Homesteading With Code Requirements

| 5/2/2016 11:27:00 AM

Tags: building codes, government, home construction, do it yourself projects, cabins, off grid living, remote living, Bruce McElmurray, Colorado,

Our home with spring snow.

When we built our current home in 1992, there were very few rules and codes that could damage or destroy our dream of doing most of the work in building our cabin ourselves. There were only two codes that we had to comply with, and they were the electrical code and septic tank permit.

The electrical code required an open wall inspection, closed wall inspection and final inspection and the septic tank installation had to be approved by the county health officer.

Today things have changed. Being able to build without numerous permits seems to be a thing of the past. We look back fondly at not having to endure lots of paperwork to build our home. Times like that are rapidly disappearing and those who build now must endure permits, inspections, delays and forced compliance. The dream of building your own home could be more complicated than just knowing construction techniques nowadays.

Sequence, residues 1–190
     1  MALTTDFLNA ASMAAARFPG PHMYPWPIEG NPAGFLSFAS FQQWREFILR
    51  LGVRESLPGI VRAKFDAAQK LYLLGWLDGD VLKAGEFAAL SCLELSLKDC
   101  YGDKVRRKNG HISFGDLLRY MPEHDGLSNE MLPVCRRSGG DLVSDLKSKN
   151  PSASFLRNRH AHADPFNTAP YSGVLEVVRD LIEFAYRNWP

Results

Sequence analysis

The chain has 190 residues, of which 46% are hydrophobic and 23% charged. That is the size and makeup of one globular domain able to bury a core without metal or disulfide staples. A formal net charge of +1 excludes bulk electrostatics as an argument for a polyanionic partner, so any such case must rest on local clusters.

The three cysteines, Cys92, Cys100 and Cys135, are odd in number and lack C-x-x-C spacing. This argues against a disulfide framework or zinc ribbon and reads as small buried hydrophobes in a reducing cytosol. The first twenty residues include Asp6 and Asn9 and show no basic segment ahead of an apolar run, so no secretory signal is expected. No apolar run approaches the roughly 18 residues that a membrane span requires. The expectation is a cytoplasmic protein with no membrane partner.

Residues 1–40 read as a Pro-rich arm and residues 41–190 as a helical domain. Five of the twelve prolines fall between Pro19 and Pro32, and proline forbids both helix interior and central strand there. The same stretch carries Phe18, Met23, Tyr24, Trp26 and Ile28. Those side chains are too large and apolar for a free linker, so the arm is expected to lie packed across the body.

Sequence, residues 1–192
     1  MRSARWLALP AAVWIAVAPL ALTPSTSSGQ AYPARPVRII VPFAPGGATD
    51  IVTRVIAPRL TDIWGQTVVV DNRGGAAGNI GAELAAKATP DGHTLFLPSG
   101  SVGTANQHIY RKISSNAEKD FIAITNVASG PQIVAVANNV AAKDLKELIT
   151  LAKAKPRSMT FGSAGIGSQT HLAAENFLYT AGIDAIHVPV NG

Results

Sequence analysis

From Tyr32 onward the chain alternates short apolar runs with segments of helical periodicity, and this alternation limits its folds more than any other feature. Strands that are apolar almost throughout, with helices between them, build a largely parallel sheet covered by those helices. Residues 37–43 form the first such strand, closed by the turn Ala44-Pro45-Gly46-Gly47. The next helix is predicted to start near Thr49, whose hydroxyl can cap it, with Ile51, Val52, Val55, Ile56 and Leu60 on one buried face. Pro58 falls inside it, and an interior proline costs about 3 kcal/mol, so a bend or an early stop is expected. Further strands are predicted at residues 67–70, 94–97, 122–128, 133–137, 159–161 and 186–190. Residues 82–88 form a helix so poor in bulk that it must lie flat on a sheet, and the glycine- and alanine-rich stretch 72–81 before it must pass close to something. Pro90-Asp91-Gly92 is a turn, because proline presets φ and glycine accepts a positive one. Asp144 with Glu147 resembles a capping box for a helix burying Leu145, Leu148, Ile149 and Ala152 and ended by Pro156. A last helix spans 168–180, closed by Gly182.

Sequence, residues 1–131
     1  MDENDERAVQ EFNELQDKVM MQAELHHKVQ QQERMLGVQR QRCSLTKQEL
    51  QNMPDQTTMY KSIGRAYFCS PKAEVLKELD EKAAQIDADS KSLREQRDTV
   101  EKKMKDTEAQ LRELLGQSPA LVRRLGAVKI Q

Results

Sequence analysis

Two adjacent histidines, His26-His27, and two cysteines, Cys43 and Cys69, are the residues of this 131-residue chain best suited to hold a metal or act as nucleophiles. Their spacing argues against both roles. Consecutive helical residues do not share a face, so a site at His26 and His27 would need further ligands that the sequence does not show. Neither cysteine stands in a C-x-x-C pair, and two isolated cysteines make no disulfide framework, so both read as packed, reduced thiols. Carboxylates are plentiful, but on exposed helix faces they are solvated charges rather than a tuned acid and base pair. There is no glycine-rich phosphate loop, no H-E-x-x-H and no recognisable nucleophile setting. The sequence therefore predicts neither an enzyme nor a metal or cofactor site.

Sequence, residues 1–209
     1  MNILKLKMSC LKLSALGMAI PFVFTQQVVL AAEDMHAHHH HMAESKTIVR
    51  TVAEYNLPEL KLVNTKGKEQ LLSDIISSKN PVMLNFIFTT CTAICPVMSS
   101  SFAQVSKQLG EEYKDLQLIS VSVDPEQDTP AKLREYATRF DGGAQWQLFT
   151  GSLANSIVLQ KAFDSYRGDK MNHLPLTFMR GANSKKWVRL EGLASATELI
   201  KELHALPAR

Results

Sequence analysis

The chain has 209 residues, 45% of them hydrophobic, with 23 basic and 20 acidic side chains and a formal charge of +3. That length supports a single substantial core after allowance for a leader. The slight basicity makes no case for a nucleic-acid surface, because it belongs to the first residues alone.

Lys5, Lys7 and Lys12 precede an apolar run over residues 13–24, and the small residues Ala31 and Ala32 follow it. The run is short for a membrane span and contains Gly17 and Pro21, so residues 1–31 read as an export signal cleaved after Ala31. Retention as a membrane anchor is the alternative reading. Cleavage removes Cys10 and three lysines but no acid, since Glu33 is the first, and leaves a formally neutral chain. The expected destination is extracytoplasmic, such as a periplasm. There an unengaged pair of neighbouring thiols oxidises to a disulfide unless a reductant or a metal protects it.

Then and Now

I recently had the opportunity to talk to a person who also has a dream of being their own contractor like we had done so many years ago. This person now must comply with codes and endless permits and the result is they are weighed down with bureaucratic paperwork which takes some of the enjoyment out of the experience of being your own contractor.

In our case, we had the shell home built by a local contractor because we lived back east in Pennsylvania and couldn’t get enough time off work to do that aspect ourselves. Back then, we were not burdened by expensive permits, bludgeoning codes and multiple compliance inspections.

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